Stocks with low price-earnings ratio lead the rally

BSE 500 stocks with P/E of less than 10 deliver 50% returns.


Vidya Bala

Which category of stocks has made the biggest gains in the recent market rally? Believe it or not, it was the really beaten-down stocks, trading at a single digit price-earnings (P/E) multiple.

An analysis of stock price returns since March 9 shows that investors cherry-picked low P/E stocks from the Sensex and BSE 500 baskets; making them the top performers in this uptrend. Price-earnings ratio is a measure of how expensive or cheap a company's stock is, relative to its earnings.

In the Sensex basket, low P/E stocks such as Tata Steel and Tata Motors delivered over 60 per cent returns.

Lower the better

BSE 500 stocks with a P/E of less than 10 (as on March 9) averaged a stellar 50 per cent return till date, compared with the index returns of 35 per cent. The lower the P/E, better the returns, suggests the data. Stocks with a rock-bottom P/E of less than 5, delivered even higher returns of 56 per cent on an average. This analysis has used the trailing standalone earnings of companies, for four quarters. Only stocks with a meaningful P/E were considered.

The majority of stocks with 50 per cent-plus returns belonged to the low P/E club. About 170 stocks in the BSE 500 surged by over 50 per cent in this period. Eight out of every 10 of these stocks had a price earning multiple of less than 10 as on March 9.

In stock markets, price earnings multiple is often used as a measure to judge how expensive a stock is, in relation to the market or the sector in which the company operates.

Attracting retail investors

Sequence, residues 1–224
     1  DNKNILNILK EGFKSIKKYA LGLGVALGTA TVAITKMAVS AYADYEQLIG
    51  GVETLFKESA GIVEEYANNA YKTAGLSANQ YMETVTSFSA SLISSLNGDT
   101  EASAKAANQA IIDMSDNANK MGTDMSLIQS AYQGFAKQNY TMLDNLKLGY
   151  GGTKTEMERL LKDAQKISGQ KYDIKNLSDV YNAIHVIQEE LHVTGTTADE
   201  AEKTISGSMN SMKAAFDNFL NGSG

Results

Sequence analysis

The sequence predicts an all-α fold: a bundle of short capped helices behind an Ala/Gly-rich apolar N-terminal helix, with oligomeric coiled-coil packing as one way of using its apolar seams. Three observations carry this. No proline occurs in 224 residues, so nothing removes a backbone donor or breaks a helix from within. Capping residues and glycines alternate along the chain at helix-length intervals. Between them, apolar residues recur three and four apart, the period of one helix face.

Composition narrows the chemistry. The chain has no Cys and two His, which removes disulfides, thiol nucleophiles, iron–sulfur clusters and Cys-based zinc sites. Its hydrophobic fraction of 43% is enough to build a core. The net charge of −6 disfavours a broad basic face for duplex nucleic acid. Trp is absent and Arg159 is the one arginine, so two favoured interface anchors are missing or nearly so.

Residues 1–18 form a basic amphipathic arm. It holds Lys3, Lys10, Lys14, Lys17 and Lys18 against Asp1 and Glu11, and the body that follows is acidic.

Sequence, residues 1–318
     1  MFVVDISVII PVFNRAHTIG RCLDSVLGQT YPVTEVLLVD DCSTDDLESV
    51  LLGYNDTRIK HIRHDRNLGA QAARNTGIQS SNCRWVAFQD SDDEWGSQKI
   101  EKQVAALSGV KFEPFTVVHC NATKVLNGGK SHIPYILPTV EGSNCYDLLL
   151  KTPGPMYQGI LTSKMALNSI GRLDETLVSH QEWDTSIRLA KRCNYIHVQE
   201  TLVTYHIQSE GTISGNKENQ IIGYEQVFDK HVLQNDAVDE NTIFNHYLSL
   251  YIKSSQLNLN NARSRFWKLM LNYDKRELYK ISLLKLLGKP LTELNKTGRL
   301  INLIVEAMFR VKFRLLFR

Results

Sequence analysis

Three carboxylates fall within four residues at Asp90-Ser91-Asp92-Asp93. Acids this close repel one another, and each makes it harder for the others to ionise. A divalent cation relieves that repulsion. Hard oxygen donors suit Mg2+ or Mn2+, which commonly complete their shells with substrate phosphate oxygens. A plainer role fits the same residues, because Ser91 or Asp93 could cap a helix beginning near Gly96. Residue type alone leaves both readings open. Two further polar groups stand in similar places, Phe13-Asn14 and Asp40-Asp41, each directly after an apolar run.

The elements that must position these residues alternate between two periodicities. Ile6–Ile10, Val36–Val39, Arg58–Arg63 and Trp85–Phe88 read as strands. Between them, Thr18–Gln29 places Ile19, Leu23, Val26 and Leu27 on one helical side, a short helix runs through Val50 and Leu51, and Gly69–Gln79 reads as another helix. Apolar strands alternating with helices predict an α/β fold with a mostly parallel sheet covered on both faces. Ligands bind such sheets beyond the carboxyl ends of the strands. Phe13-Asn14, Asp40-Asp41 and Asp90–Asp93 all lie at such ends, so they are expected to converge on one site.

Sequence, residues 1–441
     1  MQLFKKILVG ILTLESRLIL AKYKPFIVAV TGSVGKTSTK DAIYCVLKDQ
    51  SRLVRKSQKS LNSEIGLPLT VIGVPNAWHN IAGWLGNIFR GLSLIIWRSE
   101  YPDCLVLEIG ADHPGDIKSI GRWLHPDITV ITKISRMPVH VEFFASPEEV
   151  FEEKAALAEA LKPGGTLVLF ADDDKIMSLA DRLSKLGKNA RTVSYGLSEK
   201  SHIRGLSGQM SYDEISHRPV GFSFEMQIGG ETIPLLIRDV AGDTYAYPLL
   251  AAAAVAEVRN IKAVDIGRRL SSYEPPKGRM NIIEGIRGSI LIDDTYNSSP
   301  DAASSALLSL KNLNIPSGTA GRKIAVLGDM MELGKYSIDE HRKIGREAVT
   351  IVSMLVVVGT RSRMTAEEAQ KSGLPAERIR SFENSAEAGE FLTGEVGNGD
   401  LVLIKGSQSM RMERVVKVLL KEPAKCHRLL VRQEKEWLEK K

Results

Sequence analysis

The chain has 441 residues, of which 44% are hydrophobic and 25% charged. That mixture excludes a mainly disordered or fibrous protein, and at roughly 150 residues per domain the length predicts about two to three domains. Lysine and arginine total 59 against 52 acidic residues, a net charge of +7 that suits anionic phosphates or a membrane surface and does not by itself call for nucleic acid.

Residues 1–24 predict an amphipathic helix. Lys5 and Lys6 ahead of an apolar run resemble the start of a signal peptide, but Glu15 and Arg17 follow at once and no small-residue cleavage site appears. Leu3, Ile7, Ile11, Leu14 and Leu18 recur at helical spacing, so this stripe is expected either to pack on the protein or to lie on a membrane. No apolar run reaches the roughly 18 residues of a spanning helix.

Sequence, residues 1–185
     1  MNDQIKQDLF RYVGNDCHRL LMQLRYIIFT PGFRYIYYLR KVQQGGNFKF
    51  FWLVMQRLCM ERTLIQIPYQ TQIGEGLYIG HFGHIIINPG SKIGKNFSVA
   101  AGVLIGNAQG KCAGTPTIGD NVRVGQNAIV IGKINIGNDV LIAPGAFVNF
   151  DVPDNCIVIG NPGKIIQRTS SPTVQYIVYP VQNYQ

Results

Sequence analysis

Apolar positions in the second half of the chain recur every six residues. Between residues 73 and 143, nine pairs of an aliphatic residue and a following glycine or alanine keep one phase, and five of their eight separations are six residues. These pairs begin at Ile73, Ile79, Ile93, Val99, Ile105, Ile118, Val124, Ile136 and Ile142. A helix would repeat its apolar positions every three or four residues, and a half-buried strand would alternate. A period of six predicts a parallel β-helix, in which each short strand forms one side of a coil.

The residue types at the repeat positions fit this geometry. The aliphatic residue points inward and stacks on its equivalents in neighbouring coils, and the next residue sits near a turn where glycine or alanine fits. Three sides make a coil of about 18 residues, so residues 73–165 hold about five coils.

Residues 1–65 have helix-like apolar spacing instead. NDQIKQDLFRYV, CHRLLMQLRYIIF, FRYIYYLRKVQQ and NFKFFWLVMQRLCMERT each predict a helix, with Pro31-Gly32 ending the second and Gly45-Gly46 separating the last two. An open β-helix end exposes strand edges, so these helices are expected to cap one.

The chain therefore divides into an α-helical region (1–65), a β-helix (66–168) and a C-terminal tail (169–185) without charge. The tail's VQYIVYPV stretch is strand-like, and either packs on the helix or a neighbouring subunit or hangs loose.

In this context, investors perhaps saw value in stocks such as Gitanjali Gems, Rolta India, Tanla Solutions, Prime Focus and CMC, whose prices discounted their trailing four quarter earnings by just 2-4 times when the Sensex was at its three-year low in March. These stocks have more than doubled since then.

One key aspect of this rally is that investors bought cheap stocks, without paying much heed to the uncertainties surrounding the company's prospects. Beaten down stocks from sectors such as realty, that are yet to witness a clear recovery in their fundamentals, too were sought after for their low P/Es as well as low absolute prices.

Unitech, HDIL, Phoenix Mills and IVR Prime Urban Developers were some of the stocks with P/E of less than 5 that have surged over 80 per cent.

Interestingly, the shareholding pattern as of March 2009 reveals that some of these low P/E stocks were offloaded by foreign institutional investors in the January-March period and were lapped up by retail investors. Stocks such as Rolta India, Aban Offshore, Balaji Telefilms, Suzlon Energy, Bharati Shipyard witnessed increased retail holding in the quarter ended March compared with December, even as FIIs sold.

On the other hand, many quality stocks also lost out on the rally, probably as a result of high valuations. Stocks such as Dabur India, Hindustan Unilever, Marico, Power Grid Corporation and NTPC, sporting PEs of over 20, had to settle for modest returns of 5-20 per cent.

High P/E stocks (valued over 20 times their per share earnings) that were laggards belonged to sectors such as consumer goods, pharmaceuticals and power.